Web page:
In 1975, the Congress of the United States enacted a federal law under Title IV-D of the Social Security Act, along with other legislation, that required all U.S. states and territories to manage a child support enforcement program. Established under the Administration for Children & Families, within the U.S. Department of Health and Human Services, the Office of Child Support Enforcement (OCSE) provides direction, guidance and oversight to State and Tribal Child Support Enforcement (CSE) program offices around the country. The primary responsibilities of OCSE are to:
- Provide technical assistance and training to the States and Tribes to help them develop effective enforcement systems;
- Manage the United State and Tribes Central Authority for International Child Support;
- Operate a national network of law enforcement, military and judicial liaison offices;
- Develop, recommend and issue policies, procedures and interpretations for State and Tribal programs for locating non-custodial parents;
- Establish paternity and orders for support, and obtain financial child support payments;
- the access, visitation and fatherhood programs;
- Develop procedures for review and approval of planning material;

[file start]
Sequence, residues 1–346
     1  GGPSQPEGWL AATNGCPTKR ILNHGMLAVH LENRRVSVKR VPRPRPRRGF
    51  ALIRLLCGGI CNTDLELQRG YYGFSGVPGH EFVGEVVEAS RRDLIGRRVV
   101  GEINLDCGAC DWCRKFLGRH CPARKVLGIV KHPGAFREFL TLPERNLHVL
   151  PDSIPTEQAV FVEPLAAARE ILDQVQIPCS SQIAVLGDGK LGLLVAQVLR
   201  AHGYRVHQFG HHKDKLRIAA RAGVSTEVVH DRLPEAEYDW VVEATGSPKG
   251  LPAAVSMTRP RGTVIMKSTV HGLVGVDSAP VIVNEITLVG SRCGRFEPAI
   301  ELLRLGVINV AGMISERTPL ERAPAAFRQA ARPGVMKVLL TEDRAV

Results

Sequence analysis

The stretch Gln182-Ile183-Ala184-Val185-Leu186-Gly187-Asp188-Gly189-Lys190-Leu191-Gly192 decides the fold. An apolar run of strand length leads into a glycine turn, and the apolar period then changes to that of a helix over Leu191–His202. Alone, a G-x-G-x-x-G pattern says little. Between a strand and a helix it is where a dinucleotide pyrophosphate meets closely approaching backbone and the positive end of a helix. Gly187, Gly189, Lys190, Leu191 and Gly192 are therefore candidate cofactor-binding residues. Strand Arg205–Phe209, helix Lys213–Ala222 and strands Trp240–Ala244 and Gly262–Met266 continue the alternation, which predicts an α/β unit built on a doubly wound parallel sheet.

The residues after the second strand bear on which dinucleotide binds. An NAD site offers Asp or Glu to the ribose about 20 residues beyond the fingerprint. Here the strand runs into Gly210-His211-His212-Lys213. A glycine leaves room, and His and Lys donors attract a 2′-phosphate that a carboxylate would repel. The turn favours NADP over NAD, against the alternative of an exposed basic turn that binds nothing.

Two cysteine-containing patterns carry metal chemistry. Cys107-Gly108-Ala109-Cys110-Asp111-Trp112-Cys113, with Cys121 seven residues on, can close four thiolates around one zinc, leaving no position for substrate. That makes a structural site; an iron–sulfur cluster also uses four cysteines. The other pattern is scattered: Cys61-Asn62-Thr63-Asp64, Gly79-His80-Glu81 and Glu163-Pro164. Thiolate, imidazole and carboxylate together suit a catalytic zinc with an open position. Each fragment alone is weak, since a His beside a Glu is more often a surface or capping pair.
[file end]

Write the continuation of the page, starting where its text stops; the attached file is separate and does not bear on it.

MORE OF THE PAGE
- Conduct audits of state and tribe child support programs; and
- Assist in reporting procedures and maintain records for the operation of the CSE programs (i.e. amounts collected and disbursed, costs incurred in collection, etc.
OCSE also coordinates other enforcement systems including the child support provisions of the Welfare-to-Work program; authorizes applications from the states for permission to utilize U.S. courts to enforce court orders for support against absent parents; operates the Federal Parent Locator Service (FPLS); certifies to the Secretary of the Treasury amounts of child support obligations that require collection efforts; transmits to the Secretary of State certifications of arrearages for passport denial; and submits reports to Congress.